ERIC Number: ED347245
Record Type: RIE
Publication Date: 1992-Apr
The Puerto Rican Community and Natural Support Systems: Implications for the Education of Children.
This report explores how service providers and educators can better understand, support, and work with Puerto Rican natural support systems through a variety of collaborative strategies. A first section presents a definition of Puerto Rican natural support systems and a discussion of how they are operationalized, and describes the following four general types: (1) the extended family; (2) folk healers; (3) religious groups; and (4) merchant and social clubs. A framework is suggested for examining the breakdown of those natural systems. The following five causes of the breakdown of natural support systems are considered: (1) temporary crisis; (2) inability to respond; (3) refusal to assist; (4) systems are non-existent; and (5) shame. The typology of reasons for breakdowns is important as these systems often represent the first and only source for assistance for many Puerto Ricans and other Hispanic American groups. An examination of barriers to collaborating with natural support systems shows that lack of trust, underpinnings of assessment and intervention, knowledge of others' work and mission, and service delivery structure and logistics can all impede useful cooperation. Final sections look at the need for further research on the Puerto Rican community and present implications and recommendations for reaching this community through use of the natural support systems. Included are 36 references. (JB)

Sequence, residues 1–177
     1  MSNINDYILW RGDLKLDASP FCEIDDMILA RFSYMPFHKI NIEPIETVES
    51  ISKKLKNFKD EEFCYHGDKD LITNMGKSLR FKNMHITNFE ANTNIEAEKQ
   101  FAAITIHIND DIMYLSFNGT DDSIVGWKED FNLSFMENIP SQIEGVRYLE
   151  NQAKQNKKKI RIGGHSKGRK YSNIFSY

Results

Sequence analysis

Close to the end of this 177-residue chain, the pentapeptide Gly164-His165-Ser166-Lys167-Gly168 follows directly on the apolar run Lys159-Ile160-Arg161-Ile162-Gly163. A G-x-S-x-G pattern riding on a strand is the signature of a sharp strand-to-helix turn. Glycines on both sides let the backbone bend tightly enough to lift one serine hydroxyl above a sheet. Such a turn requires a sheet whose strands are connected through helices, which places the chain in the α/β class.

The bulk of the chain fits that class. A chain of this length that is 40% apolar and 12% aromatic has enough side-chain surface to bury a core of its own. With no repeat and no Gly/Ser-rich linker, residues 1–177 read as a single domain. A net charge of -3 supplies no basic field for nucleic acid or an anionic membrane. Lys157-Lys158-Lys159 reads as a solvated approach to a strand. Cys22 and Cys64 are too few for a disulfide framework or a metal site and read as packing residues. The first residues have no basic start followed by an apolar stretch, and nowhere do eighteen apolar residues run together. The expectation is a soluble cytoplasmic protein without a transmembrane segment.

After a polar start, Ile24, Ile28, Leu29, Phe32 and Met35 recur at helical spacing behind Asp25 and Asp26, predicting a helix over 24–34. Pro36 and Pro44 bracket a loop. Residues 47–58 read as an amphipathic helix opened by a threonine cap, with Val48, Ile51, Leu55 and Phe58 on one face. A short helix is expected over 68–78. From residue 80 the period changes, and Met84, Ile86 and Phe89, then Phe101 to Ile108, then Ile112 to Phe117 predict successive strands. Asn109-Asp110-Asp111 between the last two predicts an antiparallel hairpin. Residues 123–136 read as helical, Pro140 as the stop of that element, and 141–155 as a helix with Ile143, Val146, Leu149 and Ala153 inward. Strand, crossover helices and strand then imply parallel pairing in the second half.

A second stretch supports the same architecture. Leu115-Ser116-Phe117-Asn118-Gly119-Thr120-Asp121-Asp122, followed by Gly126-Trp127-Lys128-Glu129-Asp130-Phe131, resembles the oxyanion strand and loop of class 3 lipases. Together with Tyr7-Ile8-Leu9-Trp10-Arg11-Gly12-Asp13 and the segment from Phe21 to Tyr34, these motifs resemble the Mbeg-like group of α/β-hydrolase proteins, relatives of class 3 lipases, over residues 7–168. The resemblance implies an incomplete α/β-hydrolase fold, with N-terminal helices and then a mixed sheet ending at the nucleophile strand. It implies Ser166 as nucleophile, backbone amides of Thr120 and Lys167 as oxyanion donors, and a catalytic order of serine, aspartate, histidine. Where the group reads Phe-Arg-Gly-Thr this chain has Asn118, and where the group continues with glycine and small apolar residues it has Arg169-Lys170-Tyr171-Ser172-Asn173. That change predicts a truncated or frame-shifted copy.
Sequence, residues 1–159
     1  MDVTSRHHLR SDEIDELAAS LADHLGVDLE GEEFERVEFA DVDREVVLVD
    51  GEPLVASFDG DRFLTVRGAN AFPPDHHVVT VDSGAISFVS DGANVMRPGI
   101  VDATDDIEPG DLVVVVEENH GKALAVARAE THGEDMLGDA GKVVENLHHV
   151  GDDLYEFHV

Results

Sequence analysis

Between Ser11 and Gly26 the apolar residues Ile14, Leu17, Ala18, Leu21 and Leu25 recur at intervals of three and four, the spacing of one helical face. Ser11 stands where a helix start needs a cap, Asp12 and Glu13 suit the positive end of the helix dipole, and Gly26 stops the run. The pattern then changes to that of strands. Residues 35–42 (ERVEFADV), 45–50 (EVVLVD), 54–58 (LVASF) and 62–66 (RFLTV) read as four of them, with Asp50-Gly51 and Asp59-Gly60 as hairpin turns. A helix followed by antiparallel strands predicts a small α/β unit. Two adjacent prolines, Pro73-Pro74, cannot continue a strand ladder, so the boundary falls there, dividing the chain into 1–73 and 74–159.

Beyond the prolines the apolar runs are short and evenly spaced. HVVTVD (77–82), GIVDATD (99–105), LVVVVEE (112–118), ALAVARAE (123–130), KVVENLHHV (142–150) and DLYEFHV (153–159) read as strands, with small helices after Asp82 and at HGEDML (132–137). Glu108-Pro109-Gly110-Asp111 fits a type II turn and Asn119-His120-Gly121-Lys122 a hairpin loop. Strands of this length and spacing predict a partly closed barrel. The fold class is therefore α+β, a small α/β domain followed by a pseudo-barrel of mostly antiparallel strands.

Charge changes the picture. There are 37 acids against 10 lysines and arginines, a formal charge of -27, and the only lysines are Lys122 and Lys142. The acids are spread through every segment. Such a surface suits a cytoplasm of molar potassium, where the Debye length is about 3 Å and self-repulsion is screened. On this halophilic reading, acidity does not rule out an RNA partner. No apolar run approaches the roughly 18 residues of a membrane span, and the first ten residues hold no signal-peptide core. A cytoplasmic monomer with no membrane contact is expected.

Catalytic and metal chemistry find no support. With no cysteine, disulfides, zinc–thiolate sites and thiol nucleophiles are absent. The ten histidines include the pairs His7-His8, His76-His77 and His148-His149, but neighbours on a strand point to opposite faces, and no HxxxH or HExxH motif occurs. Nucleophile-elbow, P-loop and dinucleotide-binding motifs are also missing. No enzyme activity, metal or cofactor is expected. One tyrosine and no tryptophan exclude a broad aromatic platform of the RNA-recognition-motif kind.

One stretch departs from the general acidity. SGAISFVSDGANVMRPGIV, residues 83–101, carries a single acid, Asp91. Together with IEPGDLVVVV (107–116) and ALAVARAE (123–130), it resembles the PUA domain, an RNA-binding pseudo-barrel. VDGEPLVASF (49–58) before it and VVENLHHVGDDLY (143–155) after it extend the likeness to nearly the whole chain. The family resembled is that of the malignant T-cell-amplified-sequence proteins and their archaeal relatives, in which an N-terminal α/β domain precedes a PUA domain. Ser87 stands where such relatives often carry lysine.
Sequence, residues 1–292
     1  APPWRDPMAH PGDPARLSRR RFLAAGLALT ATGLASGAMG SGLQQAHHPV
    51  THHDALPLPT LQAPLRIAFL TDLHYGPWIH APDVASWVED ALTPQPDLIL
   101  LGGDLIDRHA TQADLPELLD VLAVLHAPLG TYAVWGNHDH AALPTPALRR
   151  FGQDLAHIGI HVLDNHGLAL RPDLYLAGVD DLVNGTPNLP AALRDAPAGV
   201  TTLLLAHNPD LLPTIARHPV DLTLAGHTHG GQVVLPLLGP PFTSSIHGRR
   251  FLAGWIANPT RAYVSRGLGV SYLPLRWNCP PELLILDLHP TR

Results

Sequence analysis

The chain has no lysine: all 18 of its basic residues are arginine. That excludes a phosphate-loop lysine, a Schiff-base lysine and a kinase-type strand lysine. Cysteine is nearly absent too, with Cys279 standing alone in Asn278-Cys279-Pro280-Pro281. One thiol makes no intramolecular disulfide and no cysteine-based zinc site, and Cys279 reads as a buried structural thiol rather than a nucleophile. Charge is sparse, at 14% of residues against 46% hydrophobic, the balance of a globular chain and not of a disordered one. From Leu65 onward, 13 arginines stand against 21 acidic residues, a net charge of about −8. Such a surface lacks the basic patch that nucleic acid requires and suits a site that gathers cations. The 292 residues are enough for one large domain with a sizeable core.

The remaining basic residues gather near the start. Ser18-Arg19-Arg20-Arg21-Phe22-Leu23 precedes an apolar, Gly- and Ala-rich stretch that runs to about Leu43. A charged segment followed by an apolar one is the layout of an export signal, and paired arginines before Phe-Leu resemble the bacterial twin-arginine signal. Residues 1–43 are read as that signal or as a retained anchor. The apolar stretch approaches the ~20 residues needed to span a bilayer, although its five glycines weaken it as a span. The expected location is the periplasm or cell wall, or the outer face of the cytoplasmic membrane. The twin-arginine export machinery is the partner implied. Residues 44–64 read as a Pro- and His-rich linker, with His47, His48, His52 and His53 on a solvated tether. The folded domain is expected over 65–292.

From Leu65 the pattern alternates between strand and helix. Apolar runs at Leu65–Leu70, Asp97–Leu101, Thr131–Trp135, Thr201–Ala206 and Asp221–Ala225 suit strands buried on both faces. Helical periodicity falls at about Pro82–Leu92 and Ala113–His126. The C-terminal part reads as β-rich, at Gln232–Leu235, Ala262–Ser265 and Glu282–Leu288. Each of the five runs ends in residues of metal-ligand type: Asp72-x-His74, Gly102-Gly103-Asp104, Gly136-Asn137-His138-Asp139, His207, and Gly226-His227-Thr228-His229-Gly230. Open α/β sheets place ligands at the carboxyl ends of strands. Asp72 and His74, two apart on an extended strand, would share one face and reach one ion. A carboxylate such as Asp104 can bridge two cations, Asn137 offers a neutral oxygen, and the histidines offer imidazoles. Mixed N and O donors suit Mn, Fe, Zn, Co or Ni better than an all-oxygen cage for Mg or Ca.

Publication Type: Information Analyses
Education Level: N/A
Sponsor: Department of Health and Human Services, Washington, DC.; Office of Educational Research and Improvement (ED), Washington, DC.
Authoring Institution: Institute for Responsive Education, Boston, MA.; Center on Families, Communities, Schools, and Children's Learning.